RICHMOND, Va. (WRIC)- A pandemic-era policy giving free meals to all students nationwide during the school year has now expired. Meanwhile, Virginia lawmakers are expanding who is eligible for assistance at the state level. 

President Joe Biden recently signed the “Keep Kids Fed Act,” which extended some tools to help school nutrition programs and struggling families days before those waivers were set to expire.

However, the bipartisan legislation didn’t extend a provision that made school breakfasts and lunches free to all students regardless of their families’ incomes.

Sadiqua Chambliss, the mother of three students, was disappointed to hear the news.

“The economy is in such a bad state right now. Gas is five dollars a gallon. Bread is three dollars. So I think it’s unfortunate. Congress really needs to rethink this thing,” Chambliss said. 

The U.S. Senate also rejected an effort to provide meals at no cost to students who previously qualified for reduced-price meals. 

“Luckily, Virginia is stepping up to help reduce some of that burden,” said Cassie Edner, a public benefits attorney at the Virginia Poverty Law Center (VPLC). 

The Virginia General Assembly agreed to expand free meals to this group. The new state budget, which took effect July 1,  includes $8.2 million over two years to help local school divisions eliminate the cost of school breakfast and lunch for students who are eligible for reduced-price meals based on federal income criteria. 

No Kid Hungry Virginia expects 64,500 more students will be eligible for free meals because of this change. The group says, historically, about 600,000 students in the state have relied on free or reduced-price meals.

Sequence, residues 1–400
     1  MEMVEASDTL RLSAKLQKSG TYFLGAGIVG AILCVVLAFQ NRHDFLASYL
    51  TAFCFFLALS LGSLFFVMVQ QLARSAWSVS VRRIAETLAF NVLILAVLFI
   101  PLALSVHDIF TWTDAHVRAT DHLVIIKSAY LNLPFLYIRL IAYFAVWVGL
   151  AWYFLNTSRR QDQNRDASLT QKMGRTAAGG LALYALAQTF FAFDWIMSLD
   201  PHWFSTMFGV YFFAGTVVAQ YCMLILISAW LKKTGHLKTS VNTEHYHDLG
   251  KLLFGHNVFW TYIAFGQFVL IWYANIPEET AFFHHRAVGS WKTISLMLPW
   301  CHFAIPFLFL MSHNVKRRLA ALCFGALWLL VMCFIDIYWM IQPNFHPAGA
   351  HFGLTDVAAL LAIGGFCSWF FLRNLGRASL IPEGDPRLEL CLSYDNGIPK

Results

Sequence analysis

A soon-to-be-released report from VPLC shows, that at the end of the 2019-2020 school year, 127 school divisions had accumulated roughly $2.4 million in school meal debt, according to Edner. She said that’s likely an undercount.

Even with the expansion of eligibility in Virginia, Edner fears this problem will resurge.

“You’re always concerned that the school debt is going to increase but, more importantly, you’re concerned that the children, you know, aren’t going to be fed,” Edner said. 

Congress extended other pandemic-era waivers that could help but some fear action came too late in some cases.

No Kid Hungry Virginia Director Sarah Steely said lawmakers paved the way for grab-and-go and delivery distribution models to continue for summer meals in 2022. She said all kids can continue to eat for free through the Summer Meals Program.

Richmond Public Schools (RPS) Director of Advocacy and Outreach Matthew Stanley said the division is only offering dine-in service this summer because they made plans before the bill passed. He said they’re looking at resuming those options but, in the meantime, they expect the turnout to decrease. 

Steely said the United States Department of Agriculture has yet to give formal guidance to school divisions and it’s unclear how many will be able to pivot. USDA is expected to hold a webinar on Thursday with more information.

“That’s what we’re hearing from a lot of program operators,” Steely said when asked about RPS’s situation. “In some ways, it was too little too late, which is frustrating.”

Congresswoman Abigail Spanberger, who represents Virginia’s District 7, said she would’ve liked to see lawmakers go further but she thinks the legislation will still have an impact. 

“What we have passed is substantial in that it will provide a lot of flexibility to our school districts,” Spanberger said. 

Steely said the legislation gives school districts flexibility to make food substitutions due to supply chain problems through June 2023.

It comes as 92% of school districts nationwide cite trouble sourcing the food they need due to ongoing delivery disruptions and nearly 75% report staffing challenges, according to No Kid Hungry Virginia.

Certain high poverty school districts, like RPS, will continue to offer free meals to all students.

Text FOOD or COMIDA to 304-304 to find free summer food sites organized by school districts and community organizations.